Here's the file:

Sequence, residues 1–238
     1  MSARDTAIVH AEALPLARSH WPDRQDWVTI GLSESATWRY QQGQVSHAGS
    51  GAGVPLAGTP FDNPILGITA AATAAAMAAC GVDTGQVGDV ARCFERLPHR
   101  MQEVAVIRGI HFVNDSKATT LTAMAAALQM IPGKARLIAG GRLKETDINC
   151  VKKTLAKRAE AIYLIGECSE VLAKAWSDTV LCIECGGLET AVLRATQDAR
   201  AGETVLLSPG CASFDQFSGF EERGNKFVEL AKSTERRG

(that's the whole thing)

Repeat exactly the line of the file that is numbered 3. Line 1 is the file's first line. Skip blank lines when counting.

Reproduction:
    51  GAGVPLAGTP FDNPILGITA AATAAAMAAC GVDTGQVGDV ARCFERLPHR